Sexist attitudes could be discouraging men from careers in the beauty industry

More than one in five people believe men should not be beauty therapists, according to a recent survey into gender perceptions of certain job roles.

When asked about which jobs men should not do, beauty therapy came top of the list, with 26% of male respondents and 16% of females agreeing with the statement.

The study, which was commissioned by point-of-sale technology company WorldPay Zinc, surveyed 2,000 people about their attitudes towards men and women that work in stereotypically gender-specific job roles, such as mechanic, pilot, nurse and beauty therapist.

Disappointingly, some 18% of the survey’s respondents went as far as to say they wouldn’t trust a male beauty therapist.

Andy Rouillard, owner of men’s only salon Axiom Bodyworks in Basingstoke, said, “The survey results clearly demonstrate that we still have a long way to go in addressing gender stereotypes and equality in the work place, but I suspect that if you’d asked the same question 10 years ago, the findings would have shown an even greater prejudice.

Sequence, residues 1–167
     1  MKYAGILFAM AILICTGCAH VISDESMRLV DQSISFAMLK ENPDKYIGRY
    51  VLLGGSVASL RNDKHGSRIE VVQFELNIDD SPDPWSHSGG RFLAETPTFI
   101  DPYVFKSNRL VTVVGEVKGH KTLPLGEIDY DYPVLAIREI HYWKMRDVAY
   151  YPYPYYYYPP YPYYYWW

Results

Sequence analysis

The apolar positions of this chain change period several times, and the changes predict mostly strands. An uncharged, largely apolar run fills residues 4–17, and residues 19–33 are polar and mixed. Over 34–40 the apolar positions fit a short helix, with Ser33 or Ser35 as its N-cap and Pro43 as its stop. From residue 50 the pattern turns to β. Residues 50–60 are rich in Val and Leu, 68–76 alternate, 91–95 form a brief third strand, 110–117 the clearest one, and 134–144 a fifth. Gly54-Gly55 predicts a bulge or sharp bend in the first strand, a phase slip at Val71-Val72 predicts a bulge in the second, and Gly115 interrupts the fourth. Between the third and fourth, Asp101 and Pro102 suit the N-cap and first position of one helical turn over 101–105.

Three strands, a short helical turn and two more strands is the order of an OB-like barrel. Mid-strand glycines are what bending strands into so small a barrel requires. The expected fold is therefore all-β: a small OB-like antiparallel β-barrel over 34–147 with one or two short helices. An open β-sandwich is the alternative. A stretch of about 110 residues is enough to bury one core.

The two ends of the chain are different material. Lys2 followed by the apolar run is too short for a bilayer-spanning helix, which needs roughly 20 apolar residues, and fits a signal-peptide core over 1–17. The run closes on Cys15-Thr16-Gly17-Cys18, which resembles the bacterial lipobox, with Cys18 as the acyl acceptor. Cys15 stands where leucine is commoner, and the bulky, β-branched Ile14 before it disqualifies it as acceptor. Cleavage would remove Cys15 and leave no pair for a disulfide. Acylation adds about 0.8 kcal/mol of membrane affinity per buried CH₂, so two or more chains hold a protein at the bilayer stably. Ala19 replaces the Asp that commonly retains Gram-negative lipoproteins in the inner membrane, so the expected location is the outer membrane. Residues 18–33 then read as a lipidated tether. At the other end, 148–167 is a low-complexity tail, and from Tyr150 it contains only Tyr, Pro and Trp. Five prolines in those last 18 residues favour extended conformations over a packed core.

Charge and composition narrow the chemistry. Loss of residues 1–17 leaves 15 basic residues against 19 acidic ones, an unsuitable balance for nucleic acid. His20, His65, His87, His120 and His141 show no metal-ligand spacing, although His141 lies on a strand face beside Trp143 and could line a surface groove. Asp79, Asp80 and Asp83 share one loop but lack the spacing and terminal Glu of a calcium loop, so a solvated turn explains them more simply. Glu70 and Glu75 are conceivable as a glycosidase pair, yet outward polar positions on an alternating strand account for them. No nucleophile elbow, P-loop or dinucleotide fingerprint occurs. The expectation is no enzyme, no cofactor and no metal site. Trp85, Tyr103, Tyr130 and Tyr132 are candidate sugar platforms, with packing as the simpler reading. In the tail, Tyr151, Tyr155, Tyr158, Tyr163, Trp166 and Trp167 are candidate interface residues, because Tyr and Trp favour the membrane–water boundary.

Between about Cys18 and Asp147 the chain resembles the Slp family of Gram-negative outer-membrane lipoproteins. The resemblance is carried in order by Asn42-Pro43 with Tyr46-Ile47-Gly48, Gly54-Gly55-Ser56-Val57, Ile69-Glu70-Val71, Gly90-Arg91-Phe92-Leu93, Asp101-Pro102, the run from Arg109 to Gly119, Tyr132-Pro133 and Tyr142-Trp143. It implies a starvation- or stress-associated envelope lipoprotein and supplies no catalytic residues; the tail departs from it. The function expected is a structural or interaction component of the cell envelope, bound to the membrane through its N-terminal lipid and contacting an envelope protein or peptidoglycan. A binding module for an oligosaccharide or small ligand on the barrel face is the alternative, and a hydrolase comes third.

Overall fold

Geraldine Wilson, managing director of  WorldPay Zinc, agreed, saying that while she was disappointed to see that these “outdated stereotypes” still prevailed in the work place, she believes that attitudes are changing for the better.

Rouillard says he believes that a change in attitudes will come as we see more men having beauty treatments.

I've already noticed a greater number of male therapists entering our industry over recent years, and we already have some fantastic role models leading the way in the nail, makeup and grooming sectors,” he said.

“This is encouraging, although it's alarming to witness how difficult it can still be for some guys to find a training provider that will welcome them. I was lucky enough to find a school that not only accepted me as a male student but went out of the way to tailor aspects of the syllabus towards working with male clients.

"Prior to that, I had been refused interviews, had calls ignored and told outright on more than one occasion that it 'wouldn't be appropriate' to have a male therapist in the classroom.”